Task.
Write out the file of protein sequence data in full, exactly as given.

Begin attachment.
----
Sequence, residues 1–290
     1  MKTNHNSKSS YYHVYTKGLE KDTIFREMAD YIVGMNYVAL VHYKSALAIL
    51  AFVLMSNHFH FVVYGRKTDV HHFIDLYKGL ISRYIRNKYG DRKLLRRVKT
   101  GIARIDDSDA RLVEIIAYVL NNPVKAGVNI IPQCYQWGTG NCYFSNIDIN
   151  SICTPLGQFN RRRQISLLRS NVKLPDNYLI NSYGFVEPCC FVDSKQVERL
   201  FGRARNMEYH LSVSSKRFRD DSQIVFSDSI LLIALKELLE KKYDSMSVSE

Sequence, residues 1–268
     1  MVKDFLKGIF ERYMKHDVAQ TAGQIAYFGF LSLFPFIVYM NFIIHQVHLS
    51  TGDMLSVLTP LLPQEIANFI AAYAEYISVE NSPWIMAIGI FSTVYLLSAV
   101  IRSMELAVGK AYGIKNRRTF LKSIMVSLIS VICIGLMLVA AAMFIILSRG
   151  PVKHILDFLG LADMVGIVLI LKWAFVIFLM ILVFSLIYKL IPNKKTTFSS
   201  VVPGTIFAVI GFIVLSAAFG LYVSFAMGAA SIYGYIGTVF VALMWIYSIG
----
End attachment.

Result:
Sequence, residues 1–290
     1  MKTNHNSKSS YYHVYTKGLE KDTIFREMAD YIVGMNYVAL VHYKSALAIL
    51  AFVLMSNHFH FVVYGRKTDV HHFIDLYKGL ISRYIRNKYG DRKLLRRVKT
   101  GIARIDDSDA RLVEIIAYVL NNPVKAGVNI IPQCYQWGTG NCYFSNIDIN
   151  SICTPLGQFN RRRQISLLRS NVKLPDNYLI NSYGFVEPCC FVDSKQVERL
   201  FGRARNMEYH LSVSSKRFRD DSQIVFSDSI LLIALKELLE KKYDSMSVSE

Sequence, residues 1–268
     1  MVKDFLKGIF ERYMKHDVAQ TAGQIAYFGF LSLFPFIVYM NFIIHQVHLS
    51  TGDMLSVLTP LLPQEIANFI AAYAEYISVE NSPWIMAIGI FSTVYLLSAV
   101  IRSMELAVGK AYGIKNRRTF LKSIMVSLIS VICIGLMLVA AAMFIILSRG
   151  PVKHILDFLG LADMVGIVLI LKWAFVIFLM ILVFSLIYKL IPNKKTTFSS
   201  VVPGTIFAVI GFIVLSAAFG LYVSFAMGAA SIYGYIGTVF VALMWIYSIG